Pashmina Shepherds

Southeast of the Pensi La four men move steadily through the rockfields below the Dhulang Dhulang glacier. They are dressed in grey tunics of a coarse fabric and loose kafkhan pantaloons, simple shoes and distinctive beanies on their heads, woven from soft thread – the prize product of their land – cashmere.

In the meadow beside them, twelve pashmina goats nuzzle at the summer grass. Swathes of wildflowers rise from the rich summer field, Himalayan poppy as blue as the sky with yellow pollen stigma peeks from behind a cluster of heavy glacial boulders. The goats are white as snow, their coats full and soft as the down feathers of my sleeping bag which kept me warm whilst bivouacing last night at 4000m.

The shepherds’ expressions are serious and their eyes fixed on the trail – seven more days to Kargil. They have travelled the old road from Srinigar, Kashmir. One of the few people to still walk the trail over such distances. One of them has a shoe sole that is peeling. He squints at the sun and a pair of cheap sun glasses fall to the ground, their arms already broken off so they do not rest on the ears.  These are poor men – at least by the material terms we are comfortable with. Their riches are in the goats, which they have brought here to graze in the high altitude passes of the Zanskar.

These grasses, nourished by the summer sun and glacial melt water are where local people annually take yak and dongzen to graze and be milked. In stone hovels suitable for summer accommodation great churns have been used for centuries to prepare curds and whey from the milk. Women sing harmoniously as they work. Folk songs of a buddhist people who have managed the land and husbanded their animals in this rugged environment, for longer than any other tribal or religious group. Paneer, the soft cheese of Ladakh is dried and sifted into small crumbly lumps in the afternoon warmth of day whilst children play by cascading streams.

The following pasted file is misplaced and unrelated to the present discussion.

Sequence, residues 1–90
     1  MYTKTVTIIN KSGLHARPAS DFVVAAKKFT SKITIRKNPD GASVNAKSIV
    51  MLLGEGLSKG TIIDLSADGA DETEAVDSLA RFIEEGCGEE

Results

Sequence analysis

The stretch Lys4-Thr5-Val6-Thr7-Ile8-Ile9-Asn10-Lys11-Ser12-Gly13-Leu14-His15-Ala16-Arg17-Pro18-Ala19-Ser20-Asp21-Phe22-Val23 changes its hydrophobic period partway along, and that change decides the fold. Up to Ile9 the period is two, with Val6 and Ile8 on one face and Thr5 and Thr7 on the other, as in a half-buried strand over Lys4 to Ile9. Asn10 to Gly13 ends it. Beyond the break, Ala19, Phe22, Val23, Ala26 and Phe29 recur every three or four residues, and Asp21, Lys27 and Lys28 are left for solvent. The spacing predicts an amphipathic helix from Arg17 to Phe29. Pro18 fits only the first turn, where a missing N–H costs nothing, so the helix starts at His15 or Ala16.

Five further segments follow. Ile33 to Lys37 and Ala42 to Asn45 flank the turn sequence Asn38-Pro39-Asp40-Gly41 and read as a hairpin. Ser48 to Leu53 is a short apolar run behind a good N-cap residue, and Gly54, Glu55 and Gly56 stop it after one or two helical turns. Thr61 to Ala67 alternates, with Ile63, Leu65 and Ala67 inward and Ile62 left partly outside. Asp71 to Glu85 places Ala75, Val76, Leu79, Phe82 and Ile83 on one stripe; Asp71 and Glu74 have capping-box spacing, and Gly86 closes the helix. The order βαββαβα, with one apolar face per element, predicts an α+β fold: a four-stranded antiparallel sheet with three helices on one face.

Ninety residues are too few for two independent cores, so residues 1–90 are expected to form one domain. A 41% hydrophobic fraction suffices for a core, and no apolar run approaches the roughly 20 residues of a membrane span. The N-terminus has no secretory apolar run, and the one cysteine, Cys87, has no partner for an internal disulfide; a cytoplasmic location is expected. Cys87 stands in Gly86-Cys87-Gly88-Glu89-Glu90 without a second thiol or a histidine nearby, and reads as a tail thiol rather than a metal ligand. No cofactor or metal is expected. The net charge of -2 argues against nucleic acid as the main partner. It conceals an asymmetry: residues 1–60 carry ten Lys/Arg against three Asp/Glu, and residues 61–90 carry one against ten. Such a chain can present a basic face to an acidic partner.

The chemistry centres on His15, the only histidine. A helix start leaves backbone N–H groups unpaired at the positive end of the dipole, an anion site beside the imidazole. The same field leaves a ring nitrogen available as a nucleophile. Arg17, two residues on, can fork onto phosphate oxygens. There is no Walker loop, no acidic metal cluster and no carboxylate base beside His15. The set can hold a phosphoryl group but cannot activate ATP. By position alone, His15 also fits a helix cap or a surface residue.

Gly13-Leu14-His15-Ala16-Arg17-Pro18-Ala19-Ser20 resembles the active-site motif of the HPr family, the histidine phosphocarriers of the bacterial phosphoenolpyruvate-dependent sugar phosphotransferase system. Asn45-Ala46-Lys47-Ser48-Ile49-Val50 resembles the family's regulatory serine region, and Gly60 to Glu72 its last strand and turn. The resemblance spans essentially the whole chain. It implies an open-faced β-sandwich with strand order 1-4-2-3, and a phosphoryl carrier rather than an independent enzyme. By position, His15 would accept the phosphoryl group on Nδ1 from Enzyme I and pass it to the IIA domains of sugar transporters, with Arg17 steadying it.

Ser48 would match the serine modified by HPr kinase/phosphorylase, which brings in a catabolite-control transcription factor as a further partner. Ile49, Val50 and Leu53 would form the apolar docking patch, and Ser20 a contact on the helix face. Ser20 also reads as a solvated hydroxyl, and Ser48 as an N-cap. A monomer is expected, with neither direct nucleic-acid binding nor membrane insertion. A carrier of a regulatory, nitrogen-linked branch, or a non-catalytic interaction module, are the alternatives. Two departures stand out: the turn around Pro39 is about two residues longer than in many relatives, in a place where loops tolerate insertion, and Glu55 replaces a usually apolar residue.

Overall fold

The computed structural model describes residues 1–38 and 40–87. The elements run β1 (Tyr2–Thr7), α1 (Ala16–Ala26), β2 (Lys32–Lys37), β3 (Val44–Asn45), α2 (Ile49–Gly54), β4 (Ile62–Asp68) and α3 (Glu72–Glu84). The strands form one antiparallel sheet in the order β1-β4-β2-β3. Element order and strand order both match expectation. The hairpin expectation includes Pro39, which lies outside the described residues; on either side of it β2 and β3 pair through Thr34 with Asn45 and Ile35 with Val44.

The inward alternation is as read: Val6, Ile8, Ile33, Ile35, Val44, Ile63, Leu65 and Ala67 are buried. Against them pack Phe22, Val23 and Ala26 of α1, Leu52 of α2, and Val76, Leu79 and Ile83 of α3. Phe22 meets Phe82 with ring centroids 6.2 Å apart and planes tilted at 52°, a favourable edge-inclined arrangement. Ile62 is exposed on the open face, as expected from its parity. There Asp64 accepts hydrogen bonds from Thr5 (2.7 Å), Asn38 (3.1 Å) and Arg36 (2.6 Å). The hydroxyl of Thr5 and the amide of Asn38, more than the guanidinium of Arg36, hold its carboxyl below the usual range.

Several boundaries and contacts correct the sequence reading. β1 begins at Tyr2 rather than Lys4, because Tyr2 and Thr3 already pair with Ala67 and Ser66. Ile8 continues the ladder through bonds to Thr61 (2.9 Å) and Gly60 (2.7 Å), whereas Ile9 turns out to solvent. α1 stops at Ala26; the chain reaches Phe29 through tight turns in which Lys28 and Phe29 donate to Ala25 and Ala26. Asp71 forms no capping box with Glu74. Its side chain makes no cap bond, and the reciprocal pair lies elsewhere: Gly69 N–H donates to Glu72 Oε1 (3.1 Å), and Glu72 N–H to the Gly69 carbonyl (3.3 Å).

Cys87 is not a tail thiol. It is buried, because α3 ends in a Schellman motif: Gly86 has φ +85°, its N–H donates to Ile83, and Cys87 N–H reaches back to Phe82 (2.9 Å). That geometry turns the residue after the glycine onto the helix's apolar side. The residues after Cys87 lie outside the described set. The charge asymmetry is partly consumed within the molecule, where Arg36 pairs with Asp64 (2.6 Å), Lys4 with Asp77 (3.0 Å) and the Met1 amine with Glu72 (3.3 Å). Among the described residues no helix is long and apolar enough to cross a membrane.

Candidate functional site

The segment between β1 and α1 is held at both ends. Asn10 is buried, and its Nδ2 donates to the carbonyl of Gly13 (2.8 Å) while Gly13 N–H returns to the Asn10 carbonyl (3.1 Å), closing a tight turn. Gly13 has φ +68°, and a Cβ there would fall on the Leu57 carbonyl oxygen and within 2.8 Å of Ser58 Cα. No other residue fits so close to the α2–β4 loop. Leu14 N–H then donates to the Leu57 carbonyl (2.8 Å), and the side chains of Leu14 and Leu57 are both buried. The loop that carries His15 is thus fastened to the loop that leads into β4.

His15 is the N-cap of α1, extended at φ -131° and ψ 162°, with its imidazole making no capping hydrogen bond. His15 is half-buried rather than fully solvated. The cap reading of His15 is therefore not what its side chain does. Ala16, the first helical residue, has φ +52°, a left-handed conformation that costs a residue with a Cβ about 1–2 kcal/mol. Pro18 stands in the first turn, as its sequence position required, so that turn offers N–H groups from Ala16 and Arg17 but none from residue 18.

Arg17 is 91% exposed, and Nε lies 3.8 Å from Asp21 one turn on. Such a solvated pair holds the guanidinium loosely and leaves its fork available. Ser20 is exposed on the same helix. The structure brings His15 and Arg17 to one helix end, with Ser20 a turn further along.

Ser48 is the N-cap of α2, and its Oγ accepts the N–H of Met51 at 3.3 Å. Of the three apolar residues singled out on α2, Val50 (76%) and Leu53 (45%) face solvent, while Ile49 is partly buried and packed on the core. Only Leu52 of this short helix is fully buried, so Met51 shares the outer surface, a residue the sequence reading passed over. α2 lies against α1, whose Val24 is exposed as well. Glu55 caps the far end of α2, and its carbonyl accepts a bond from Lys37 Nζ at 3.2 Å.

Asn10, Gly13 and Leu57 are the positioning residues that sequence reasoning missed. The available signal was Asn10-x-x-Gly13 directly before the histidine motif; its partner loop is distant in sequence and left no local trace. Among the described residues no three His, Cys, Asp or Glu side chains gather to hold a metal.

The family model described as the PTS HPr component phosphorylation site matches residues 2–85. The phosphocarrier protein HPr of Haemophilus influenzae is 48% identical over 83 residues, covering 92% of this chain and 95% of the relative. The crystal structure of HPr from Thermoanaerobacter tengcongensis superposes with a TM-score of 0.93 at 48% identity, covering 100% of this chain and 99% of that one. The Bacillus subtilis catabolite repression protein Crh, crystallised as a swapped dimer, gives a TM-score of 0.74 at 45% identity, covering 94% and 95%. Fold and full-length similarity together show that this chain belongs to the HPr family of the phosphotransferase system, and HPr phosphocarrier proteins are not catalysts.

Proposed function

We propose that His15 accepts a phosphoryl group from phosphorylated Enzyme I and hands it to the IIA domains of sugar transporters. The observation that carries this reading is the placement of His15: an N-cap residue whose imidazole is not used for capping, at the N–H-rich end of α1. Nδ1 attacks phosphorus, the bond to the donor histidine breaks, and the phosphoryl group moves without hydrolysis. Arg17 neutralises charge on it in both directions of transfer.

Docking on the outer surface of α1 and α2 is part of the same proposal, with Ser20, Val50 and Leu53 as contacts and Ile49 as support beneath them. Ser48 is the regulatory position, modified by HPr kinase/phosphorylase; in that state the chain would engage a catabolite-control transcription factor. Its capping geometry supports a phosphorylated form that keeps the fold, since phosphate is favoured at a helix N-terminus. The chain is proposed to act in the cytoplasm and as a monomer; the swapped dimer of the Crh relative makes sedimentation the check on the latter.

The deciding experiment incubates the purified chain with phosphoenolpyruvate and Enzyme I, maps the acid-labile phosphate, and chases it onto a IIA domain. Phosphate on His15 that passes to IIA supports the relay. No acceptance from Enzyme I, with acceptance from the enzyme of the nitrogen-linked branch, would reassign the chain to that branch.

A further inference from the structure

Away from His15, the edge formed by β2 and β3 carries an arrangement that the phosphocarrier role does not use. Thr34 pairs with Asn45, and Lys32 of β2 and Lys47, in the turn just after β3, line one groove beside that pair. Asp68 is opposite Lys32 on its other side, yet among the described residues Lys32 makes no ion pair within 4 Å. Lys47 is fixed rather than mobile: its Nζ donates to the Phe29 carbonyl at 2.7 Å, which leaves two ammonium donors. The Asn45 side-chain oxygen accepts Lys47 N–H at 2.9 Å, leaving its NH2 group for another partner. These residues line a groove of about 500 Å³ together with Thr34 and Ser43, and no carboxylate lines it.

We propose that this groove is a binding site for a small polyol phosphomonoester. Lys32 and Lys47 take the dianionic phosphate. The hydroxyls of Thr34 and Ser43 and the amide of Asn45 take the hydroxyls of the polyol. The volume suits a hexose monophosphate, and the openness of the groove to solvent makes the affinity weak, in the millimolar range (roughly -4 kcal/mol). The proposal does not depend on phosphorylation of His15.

The four pilgrims of the ancient textile trade pass by the herder camps. They are outsiders in these buddhist lands, but buddhists are accepting of all faiths – men of islam included.  For now, the men rest beside a mani wall. Prayers etched on large river-smoothed pebbles have been placed in their hundreds on the eight by one metre long wall at the edge of the village. They offer mantras of selfless devotion and dissolving of the ego to the windward peaks above Langmur Village.

Homesteads speck the barley fields up from the mani wall. Behind the wall, the men have rested their packs and the goats are drinking in a stream gulley which runs near by. Their backpacks are the old externally-framed mountaineering variety, probably aquired from a former foreign expedition in Padum or Tsongde.  The leader of the group, steely eyed, takes a clothe hamper from his bag. Inside is tsampa- ground barley.    Between a tripod of rocks, donkey dung is burning with a touch of kerosene. A worn kettle balances above the flames and in it, a handful of tea leaves fuses with the melt water.    When the tea is drunk, the tsampa is thrown in as nourishment.

The Suru Valley is several days further, where the barley has already ripened and is being harvested. The summer has been kind and the men are optimistic for their herd. The cashmere will fetch a good price in Kargil.